French writer Annie Ernaux used her own experience to explore life in France since the 1940s. On Thursday, the Swedish Academy announced that she had won this year's Nobel Prize in Literature. It said she received the award for work that shines light on dark corners of memory, family and society.
The Swedish Academy also said Ernaux, who is 82 years old, earned the prize for the way she writes about the complex nature of personal memory. She is the first French writer to win the Nobel Prize in Literature since Patrick Modiano in 2014.
Ernaux started out writing creative stories, or fiction, based on her own life, but quickly moved from fiction to factual stories about her life.
Anders Olsson is chair of the Nobel literature committee. He said Ernaux had said she was producing a scientific study of herself rather than writing fiction.
She wrote more than 20 books. Most of them are very short. They record events in her life and the lives of those around her. They present uncompromising pictures of sexual encounters, abortion, illness and the death of her parents.
Olsson said Ernaux's work was often "uncompromising and written in plain language, scraped clean." He told reporters that she has created something we can respect that lasts a long time.
Ernaux describes the way she writes, her style, as "flat writing." She tries to tell the facts of the events she is describing. She does not include colorful description or strong emotions.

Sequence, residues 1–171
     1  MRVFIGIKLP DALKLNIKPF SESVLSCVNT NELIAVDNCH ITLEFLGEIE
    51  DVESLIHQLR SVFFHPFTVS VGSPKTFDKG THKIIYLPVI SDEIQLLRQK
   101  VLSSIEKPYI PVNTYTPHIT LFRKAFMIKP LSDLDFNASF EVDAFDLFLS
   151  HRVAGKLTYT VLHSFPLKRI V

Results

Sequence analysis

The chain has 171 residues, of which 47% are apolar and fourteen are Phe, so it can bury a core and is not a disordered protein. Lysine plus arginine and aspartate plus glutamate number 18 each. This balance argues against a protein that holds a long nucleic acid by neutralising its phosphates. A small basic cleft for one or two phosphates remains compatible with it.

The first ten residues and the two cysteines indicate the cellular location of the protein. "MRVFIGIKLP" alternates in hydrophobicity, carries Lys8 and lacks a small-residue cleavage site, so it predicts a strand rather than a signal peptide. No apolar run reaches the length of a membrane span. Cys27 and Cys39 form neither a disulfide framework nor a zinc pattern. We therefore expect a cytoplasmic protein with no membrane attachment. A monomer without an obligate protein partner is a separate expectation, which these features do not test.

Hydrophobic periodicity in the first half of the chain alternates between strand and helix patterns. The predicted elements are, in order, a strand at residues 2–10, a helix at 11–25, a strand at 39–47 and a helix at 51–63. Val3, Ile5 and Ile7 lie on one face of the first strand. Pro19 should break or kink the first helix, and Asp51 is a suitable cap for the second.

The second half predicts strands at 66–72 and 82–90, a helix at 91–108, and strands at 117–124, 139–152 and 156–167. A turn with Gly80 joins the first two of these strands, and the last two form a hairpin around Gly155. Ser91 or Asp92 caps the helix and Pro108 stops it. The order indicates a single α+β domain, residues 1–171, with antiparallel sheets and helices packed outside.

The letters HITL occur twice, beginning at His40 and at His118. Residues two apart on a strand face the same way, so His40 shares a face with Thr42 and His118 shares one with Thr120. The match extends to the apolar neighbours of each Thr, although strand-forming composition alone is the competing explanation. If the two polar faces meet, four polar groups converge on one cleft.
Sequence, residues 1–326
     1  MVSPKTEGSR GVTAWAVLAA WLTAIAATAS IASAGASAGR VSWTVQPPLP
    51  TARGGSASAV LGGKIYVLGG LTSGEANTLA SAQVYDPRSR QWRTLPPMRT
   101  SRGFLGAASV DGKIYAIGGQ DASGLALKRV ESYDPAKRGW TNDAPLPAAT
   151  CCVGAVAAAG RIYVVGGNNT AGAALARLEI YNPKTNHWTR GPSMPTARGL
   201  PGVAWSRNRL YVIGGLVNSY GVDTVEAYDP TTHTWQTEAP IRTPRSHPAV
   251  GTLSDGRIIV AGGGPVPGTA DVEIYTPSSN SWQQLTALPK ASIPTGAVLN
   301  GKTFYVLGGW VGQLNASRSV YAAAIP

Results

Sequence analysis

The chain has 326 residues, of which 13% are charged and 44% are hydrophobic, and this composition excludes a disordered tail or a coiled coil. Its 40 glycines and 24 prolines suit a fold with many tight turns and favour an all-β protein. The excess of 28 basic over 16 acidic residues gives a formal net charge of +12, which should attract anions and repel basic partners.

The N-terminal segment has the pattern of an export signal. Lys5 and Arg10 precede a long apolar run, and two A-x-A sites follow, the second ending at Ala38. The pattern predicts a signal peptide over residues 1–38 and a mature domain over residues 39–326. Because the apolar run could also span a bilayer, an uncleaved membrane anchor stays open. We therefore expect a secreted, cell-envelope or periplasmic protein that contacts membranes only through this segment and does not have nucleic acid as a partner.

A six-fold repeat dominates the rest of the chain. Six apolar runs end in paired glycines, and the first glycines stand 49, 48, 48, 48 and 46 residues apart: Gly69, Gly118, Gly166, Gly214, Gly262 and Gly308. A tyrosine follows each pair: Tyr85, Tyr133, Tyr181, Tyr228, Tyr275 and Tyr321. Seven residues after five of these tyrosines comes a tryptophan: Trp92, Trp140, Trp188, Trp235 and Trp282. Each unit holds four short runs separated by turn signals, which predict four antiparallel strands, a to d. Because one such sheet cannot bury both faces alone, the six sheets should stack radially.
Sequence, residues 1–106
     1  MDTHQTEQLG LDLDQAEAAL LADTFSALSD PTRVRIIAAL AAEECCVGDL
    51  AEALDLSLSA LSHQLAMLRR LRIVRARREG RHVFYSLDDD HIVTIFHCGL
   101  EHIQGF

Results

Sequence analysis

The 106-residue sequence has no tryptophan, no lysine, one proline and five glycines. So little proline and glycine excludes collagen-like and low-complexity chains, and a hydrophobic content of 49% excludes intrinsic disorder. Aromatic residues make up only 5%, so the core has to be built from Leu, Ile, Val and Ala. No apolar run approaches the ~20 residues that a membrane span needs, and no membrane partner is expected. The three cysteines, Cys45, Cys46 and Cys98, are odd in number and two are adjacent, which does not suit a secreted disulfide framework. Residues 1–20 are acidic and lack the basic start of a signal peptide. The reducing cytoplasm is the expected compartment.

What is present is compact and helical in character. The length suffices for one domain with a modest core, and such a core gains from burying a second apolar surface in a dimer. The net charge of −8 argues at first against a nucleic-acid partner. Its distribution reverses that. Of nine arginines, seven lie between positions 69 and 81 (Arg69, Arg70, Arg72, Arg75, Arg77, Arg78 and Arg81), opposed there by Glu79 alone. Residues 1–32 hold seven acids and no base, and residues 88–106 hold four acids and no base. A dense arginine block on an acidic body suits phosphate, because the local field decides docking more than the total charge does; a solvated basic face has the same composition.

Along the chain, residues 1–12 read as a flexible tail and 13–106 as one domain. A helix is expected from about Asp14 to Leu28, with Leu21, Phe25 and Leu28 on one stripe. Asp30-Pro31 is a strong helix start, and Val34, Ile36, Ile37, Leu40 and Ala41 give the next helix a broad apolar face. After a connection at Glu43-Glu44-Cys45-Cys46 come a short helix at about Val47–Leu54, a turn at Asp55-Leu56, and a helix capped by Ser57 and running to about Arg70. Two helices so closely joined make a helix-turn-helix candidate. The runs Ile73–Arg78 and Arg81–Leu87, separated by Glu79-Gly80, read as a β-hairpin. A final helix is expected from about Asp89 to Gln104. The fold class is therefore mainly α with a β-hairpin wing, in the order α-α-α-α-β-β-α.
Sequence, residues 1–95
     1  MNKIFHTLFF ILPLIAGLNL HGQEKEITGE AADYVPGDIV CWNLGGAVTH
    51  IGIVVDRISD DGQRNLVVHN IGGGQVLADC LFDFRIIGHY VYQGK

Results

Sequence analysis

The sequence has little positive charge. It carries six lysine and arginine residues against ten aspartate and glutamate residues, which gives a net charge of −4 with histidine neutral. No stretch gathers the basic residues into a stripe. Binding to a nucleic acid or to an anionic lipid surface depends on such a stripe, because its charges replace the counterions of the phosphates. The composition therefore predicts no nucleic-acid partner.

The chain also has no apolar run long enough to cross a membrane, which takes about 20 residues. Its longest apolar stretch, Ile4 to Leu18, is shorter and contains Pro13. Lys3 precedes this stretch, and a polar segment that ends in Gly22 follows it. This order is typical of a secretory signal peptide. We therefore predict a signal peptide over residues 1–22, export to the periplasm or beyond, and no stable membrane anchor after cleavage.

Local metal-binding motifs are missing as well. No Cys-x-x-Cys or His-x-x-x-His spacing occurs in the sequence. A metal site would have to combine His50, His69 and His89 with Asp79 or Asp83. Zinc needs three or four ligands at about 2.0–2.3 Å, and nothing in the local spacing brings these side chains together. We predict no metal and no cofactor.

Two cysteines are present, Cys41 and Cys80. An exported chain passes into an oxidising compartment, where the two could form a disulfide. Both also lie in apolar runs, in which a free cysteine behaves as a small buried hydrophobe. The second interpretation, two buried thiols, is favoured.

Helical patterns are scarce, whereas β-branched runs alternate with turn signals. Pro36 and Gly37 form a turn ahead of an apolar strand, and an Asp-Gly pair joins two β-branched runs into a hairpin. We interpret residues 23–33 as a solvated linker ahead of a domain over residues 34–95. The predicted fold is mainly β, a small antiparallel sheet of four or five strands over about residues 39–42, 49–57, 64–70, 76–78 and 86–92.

Her book A Man's Place, about her relationship with her father, was the first to bring her fame. She wrote, “This neutral writing style comes to me naturally."
Her 2000 novel Happening, tells about the result of illegal abortion.
Her most highly praised book is The Years, published in 2008. She describes herself and French society from the end of World War II to the present day. Unlike in earlier books, in The Years, Ernaux writes about herself in the third person, calling her character "she" rather than "I". The book received many awards and honors.
A Girl's Story, from 2016, follows a young woman's coming of age in the 1950s. Ernaux is the 17th woman among the 119 Nobel literature prize winners. Last year's winner, Tanzanian-born, British-based writer Abdulrazak Gurnah, was only the sixth Nobel literature prize winner born in Africa. There has long been criticism of the literature prize giving too much attention to European and North American writers and to men rather than women.
The prizes to Gurnah in 2021 and U.S. poet Louise Glück in 2020 helped the literature prize move on from years of arguments and investigations into wrongdoing.
The 2022 Nobel Peace Prize will be announced on Friday and the economics award on Monday. The prizes include a cash award of about $900,000. All the prizes, except the one for economics, were established by Swedish inventor Alfred Nobel, who died in 1895.
I’m Jill Robbins.
This story was reported by David Keyton, Frank Jordans and Jill Lawless for the Associated Press. Jill Robbins adapted it for Learning English.
Words in This Story
abortion - n. to end a pregnancy at an early stage
scrape – v. to move (a rough or sharp object) across (a surface), especially to smooth or clean
character –n. a person in a book, play, movie or television production
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